A series of fires at an apartment building in Georgetown has left investigators baffled and some tenants upset.
Police reported that five fires have broken out in the last year at the Park Manor apartments at 3039 Q St. NW. The latest blaze occurred last month and was one of at least two fires that investigators described as "very suspicious."
"We don't have many fires at all in the Georgetown area," said Inspector Fred Warton of the District Fire Department's Arson Squad, "but this particular building has had a heck of a lot of them. I can't really explain it."
Warton said at this point he has no leads as to the origin of the fires. "There doesn't appear to be any parttern of any sort to these fires," he said.
Meanwhile, some residents of the Georgetown apartment complex say they are fearful that other fires may occur at any time. Other tenants have told police they consider the fires to be accidental.
Suzanne Salinger, who moved out of the building after the last blaze, said, "I figured after the first couple of fires that it was just a coincidence.But then, there was a third fire and a fourth. Finally, I said to myself, "What's going on here?"
She added, "Of course I was afraid. I couldn't stay there another night, I figured eventually somebody's going to get hurt in one of these fires, and I didn't want it to be me."
Edward Walsh, president of Thomas D. Walsh, Inc., the real estate firm that owns the building, said, "Personally, I don't know anything about it. I'm not getting involved in anything right now. I'm leaving it up to the insurance investigators. And that's all I have to say."
Located two blocks from Dumbarton Oaks Park, the three-story, brick building houses about 40 occupants of varied ages, occupations and incomes.
The complex is rent-controlled. One tenant said he pays $234 a month for a one-bedroom apartment.
Last June the first fire occured in a trash can in one of the apartments. No one was home at the time, but the smoldering trash was discovered before it caused any severe damage. Warton said, "I'm pretty sure that fire was an accident."
Then in November a piece of discarded furnture ignited in the basement. Police said they have no idea how the fire started.
After that incident, workmen cleaned out the basement to prevent future blazes. But in December another basement fire occurred, this time in a trash can. "Those fires could have just happened. They could have been a coincidence," Warton said. "I just can't say for sure."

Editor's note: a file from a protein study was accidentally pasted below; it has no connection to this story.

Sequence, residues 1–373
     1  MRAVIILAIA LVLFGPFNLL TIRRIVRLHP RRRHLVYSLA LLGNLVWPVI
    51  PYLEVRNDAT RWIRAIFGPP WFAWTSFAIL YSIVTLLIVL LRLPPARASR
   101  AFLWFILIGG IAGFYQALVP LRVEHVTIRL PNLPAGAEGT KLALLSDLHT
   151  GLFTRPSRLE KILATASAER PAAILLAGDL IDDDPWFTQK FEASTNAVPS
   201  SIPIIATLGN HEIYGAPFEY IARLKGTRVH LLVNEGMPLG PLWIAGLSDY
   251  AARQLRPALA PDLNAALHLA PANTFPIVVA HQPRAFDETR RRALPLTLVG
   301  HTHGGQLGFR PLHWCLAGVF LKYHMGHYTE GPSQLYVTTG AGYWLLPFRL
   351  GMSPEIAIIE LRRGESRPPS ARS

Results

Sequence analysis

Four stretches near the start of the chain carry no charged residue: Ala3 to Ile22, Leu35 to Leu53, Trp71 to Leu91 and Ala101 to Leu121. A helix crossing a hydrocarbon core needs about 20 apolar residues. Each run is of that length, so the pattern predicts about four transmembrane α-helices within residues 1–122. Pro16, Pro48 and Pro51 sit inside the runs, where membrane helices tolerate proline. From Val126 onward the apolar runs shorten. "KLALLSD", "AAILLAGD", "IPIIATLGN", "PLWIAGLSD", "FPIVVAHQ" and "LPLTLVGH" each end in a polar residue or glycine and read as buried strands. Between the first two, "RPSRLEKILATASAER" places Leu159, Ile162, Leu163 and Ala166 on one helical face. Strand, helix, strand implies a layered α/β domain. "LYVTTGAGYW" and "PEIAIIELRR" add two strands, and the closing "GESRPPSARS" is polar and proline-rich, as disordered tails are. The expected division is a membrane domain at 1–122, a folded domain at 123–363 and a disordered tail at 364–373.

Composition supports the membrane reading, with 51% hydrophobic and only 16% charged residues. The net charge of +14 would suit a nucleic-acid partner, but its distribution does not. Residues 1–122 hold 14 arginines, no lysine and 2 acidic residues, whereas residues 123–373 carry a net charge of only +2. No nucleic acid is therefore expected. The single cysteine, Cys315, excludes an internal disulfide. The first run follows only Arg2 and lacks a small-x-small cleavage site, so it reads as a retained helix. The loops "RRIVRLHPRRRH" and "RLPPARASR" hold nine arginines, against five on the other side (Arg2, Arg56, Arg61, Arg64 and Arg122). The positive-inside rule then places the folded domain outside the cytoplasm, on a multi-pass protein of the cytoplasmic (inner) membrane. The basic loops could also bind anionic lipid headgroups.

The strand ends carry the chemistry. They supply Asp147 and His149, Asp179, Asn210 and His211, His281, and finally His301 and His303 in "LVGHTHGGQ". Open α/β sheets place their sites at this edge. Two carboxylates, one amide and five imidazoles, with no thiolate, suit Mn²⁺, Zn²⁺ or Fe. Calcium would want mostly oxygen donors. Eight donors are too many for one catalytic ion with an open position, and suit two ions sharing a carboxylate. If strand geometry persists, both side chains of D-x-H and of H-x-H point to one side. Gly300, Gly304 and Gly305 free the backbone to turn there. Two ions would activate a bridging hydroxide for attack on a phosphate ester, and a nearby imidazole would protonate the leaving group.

In April, a fire broke out at the top of the second-floor stairwell just outside an apartment. The door and hall were badly charred, and Warton reported that a flammable liquid had apparently been spilled in the area at the time of the blaze. Around that same time, the building received a bomb scare, police reported.
The latest fire occurred last month in the bedroom of a first-floor apartment. Investigators reported that the apartment had apparently been broken into. It occupants were out at the time of the blaze, and nothing was stolen. Firemen found the front door to the apartment ajar, the bedroom in flames and a number of small fires smoldering in an adjoining room.
Investigators said they have not yet determined the cause of the blaze. "We're not really sure if it was a clear-cut case of arson, but it was definitely suspicious," said Sgt. Charles Lintner. "In fact, I might go so far as to say it was highly suspicious."
Some of the apartments occupants were reluctant to discuss fires when contacted last week. "Frankly, I'm frightened," said one tenant, who asked not to be identified. "There's some nut running around here setting fires, and I don't want to be his next victim." Another tenant claimed, "Somebody's trying to drive us out of here."
Other occupants were less quick to blame arson, however. "I feel like these fires must have all been accidents," said Penny Pennypacker, 74, who has lived in the building for 32 years. "This is a nice building and a beautiful place to live. I know all the people who live here. Most of them are good people. And we keep this place locked up tight. Nobody can get in without a key. I just can't believe anyone is setting these fires.
"This thing has upset all of us," she added. "Some of us can't even sleep at night. But we're just kind of marking time, hoping this thing is cleared up."
Lintner said his staff is continuing its investigation but thus far has no suspects and no real leads. "It's a difficult situation for those people," he said. "Any time you have unexplained fires, you have a right to be nervous. And I would say these people have a right to be nervous."